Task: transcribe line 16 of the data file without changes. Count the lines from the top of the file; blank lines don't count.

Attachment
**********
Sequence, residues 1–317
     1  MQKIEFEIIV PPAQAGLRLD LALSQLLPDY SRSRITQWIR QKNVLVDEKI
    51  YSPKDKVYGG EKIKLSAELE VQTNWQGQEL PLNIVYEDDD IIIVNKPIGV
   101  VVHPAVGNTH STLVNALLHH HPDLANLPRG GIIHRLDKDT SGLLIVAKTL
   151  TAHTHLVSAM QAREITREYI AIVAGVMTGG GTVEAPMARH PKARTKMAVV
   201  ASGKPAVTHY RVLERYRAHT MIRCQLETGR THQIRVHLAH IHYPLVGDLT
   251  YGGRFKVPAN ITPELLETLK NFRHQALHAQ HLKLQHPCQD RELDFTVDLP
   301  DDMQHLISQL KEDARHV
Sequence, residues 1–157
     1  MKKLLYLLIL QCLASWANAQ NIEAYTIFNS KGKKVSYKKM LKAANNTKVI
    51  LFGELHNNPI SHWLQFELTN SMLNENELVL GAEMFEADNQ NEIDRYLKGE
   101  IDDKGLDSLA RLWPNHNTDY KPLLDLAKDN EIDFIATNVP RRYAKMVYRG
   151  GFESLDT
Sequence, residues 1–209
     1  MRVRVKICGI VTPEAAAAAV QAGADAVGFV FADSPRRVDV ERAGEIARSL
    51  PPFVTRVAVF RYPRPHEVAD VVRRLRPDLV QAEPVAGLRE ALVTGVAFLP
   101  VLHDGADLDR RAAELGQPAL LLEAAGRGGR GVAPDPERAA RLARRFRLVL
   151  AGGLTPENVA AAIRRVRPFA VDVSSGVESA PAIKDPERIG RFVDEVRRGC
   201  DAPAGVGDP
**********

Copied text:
    51  PPFVTRVAVF RYPRPHEVAD VVRRLRPDLV QAEPVAGLRE ALVTGVAFLP